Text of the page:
The Internews information-related Protection Framework links up with the Protection Analytical Framework to ensure that humanitarian responders and local actors can all share locally relevant and reliable information and allow for safe participation and communication.

Member: Internews

Closing the digital language gap: How to ensure technology speaks to everyone

2 May, 14:00-15:30 CEST

In a crisis, digital services offer vital information, communication, protection, and community - as long as they’re designed for the people who need to use them. Yet despite innovations in connectivity, service provision and language technology like large language modeling, only a fraction of the world’s 7,000 languages are meaningfully online. For the billions already locked out, the gap is only widening. Organizations need to understand both the challenges and opportunities of using language technology to expand access to services to advance meaningful inclusion, especially for marginalized language speakers. This session explores the state of digital language inclusion in humanitarian action and how the sector can work together to confront issues around effective user-centered design, equity, and ethical data use to ensure technology works for everyone who needs - and wants - to use it.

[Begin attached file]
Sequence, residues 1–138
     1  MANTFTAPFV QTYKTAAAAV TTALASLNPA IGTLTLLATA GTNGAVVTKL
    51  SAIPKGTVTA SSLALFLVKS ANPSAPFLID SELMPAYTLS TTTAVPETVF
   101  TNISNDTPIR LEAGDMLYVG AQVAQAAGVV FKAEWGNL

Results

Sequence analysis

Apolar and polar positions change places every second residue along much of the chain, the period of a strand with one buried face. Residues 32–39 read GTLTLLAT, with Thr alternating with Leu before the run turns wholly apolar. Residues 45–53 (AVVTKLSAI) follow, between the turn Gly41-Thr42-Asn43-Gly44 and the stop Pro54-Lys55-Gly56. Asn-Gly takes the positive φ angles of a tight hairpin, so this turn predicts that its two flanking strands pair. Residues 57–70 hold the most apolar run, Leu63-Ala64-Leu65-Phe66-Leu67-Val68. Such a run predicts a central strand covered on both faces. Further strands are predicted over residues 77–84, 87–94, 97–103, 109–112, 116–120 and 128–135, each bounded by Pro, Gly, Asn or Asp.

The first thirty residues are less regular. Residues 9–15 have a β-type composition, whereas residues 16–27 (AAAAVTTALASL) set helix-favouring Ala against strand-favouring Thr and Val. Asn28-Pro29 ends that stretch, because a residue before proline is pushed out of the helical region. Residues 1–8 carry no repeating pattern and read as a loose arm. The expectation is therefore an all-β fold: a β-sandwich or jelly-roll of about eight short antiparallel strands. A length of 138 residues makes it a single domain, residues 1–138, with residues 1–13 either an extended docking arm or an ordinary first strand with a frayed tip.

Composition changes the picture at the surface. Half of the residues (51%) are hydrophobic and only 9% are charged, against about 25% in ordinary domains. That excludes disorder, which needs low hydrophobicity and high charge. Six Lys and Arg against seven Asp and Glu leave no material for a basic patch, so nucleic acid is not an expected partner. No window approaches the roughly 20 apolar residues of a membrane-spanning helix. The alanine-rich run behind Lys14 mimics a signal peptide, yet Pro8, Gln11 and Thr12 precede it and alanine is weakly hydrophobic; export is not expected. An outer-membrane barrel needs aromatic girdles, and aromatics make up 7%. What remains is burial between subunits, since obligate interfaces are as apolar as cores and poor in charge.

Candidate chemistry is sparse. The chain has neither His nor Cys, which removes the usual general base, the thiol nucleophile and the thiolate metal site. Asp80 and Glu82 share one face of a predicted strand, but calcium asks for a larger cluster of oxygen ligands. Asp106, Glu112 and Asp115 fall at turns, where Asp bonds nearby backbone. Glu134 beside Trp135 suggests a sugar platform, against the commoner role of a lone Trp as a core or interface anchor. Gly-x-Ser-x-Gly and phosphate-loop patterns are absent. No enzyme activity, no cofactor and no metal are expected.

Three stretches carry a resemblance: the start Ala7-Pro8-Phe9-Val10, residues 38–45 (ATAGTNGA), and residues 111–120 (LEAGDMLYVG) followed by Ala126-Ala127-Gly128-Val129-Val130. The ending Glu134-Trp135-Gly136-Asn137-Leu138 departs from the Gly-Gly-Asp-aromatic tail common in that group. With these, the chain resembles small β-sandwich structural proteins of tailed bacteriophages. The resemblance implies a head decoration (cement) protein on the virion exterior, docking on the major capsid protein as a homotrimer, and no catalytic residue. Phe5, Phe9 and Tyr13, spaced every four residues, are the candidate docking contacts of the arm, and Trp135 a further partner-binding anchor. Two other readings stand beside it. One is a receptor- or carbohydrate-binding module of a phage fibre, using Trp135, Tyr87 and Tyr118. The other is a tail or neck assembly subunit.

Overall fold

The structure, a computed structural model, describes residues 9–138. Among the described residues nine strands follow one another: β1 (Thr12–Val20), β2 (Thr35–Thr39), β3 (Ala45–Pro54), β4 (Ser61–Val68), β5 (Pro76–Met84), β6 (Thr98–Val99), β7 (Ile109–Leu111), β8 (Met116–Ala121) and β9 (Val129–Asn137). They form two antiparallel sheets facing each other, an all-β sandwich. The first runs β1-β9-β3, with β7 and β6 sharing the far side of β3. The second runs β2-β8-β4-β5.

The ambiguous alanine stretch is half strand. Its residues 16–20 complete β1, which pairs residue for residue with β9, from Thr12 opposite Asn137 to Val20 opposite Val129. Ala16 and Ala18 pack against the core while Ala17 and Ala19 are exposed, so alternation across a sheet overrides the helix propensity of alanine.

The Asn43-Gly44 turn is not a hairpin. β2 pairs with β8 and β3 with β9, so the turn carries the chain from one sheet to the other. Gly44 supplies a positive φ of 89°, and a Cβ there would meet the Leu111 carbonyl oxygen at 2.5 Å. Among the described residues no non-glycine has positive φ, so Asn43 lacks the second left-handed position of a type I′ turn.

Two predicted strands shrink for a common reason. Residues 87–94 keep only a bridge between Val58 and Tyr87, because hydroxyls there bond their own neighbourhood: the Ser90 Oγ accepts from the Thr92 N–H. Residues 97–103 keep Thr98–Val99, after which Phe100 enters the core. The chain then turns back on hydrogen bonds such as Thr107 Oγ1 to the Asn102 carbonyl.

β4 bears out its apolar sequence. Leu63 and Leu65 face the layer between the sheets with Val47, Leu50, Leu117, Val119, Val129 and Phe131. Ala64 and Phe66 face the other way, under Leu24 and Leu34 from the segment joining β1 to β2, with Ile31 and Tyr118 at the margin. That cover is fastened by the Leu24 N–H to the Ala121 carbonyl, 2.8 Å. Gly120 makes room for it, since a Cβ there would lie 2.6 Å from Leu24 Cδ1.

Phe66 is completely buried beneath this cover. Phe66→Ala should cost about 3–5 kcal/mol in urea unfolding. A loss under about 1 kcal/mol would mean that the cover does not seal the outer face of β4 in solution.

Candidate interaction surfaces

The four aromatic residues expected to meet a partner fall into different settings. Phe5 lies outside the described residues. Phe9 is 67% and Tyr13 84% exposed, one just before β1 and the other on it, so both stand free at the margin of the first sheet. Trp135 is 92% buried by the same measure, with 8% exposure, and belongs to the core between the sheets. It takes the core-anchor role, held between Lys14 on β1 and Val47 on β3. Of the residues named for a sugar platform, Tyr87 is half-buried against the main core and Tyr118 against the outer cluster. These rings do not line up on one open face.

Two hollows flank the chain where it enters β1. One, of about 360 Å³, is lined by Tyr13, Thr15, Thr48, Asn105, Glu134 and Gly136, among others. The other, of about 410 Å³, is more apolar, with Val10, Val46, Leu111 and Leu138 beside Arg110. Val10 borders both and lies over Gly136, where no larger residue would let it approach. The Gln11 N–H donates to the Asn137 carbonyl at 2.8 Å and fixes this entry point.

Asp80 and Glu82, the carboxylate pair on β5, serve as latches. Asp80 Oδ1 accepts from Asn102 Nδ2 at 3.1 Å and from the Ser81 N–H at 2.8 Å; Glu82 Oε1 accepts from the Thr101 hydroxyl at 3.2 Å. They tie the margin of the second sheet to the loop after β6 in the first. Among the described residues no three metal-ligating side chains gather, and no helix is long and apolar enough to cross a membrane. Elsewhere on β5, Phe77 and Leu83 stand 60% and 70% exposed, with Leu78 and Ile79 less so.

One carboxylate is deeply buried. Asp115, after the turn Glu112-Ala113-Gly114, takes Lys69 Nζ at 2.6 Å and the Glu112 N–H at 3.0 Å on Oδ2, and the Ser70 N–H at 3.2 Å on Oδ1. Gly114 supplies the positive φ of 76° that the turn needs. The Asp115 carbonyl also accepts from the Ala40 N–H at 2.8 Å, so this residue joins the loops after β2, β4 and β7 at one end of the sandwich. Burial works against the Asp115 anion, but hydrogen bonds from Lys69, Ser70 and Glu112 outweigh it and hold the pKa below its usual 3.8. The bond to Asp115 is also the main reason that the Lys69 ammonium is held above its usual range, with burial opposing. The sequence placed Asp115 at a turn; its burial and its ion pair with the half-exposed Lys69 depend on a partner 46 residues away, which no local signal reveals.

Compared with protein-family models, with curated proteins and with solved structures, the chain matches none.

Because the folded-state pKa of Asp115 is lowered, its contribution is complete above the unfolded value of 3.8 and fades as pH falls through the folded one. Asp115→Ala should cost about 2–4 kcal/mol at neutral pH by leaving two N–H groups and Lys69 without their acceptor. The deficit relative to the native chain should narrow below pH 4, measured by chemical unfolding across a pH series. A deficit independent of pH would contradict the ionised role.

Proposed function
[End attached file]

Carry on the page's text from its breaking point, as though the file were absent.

Member: CLEAR Global

Security in Urban and Densely populated Environments

2 May, 1:00-17:30 CEST

In recent years, tens of millions of people have been affected by humanitarian crises in urban settings across the globe, including Marawi, Aleppo and Port-au-Prince. However, unique security risks can be a significant constraint on access to these populations. This session builds off a recent paper exploring this issue, ‘Good Practices, lessons learned, and the unique challenges affecting security risk management in urban humanitarian responses.’ The paper was published by the Global Interagency Security Forum in January 2024. This session will unpack some of the key contextual elements humanitarians encounter in urban settings and the security risk management (SRM) implications of these dynamics, such as high population density, diverse populations, the prevalence of urban violence and crime and intense political activity. It will also offer an opportunity to share ideas on new approaches to account for the ‘urbanisation’ trend, including the need to increase sector dialogue on urban SRM approaches, further support urban security collaboration, and adapt acceptance approaches meet the specific challenges.

Member: GISF

Member events

Friday, 3 May - remote

Ensuring access to health care through better security risk management for hospitals in the DRC

3 May,15:00-16:30 CEST

In a crisis, digital services offer vital information, communication, protection, and community - as long as they’re designed for the people who need to use them. Yet despite innovations in connectivity, service provision and language technology like large language modeling, only a fraction of the world’s 7,000 languages are meaningfully online. For the billions already locked out, the gap is only widening. Organizations need to understand both the challenges and opportunities of using language technology to expand access to services to advance meaningful inclusion, especially for marginalized language speakers. This session explores the state of digital language inclusion in humanitarian action and how the sector can work together to confront issues around effective user-centered design, equity, and ethical data use to ensure technology works for everyone who needs - and wants - to use it.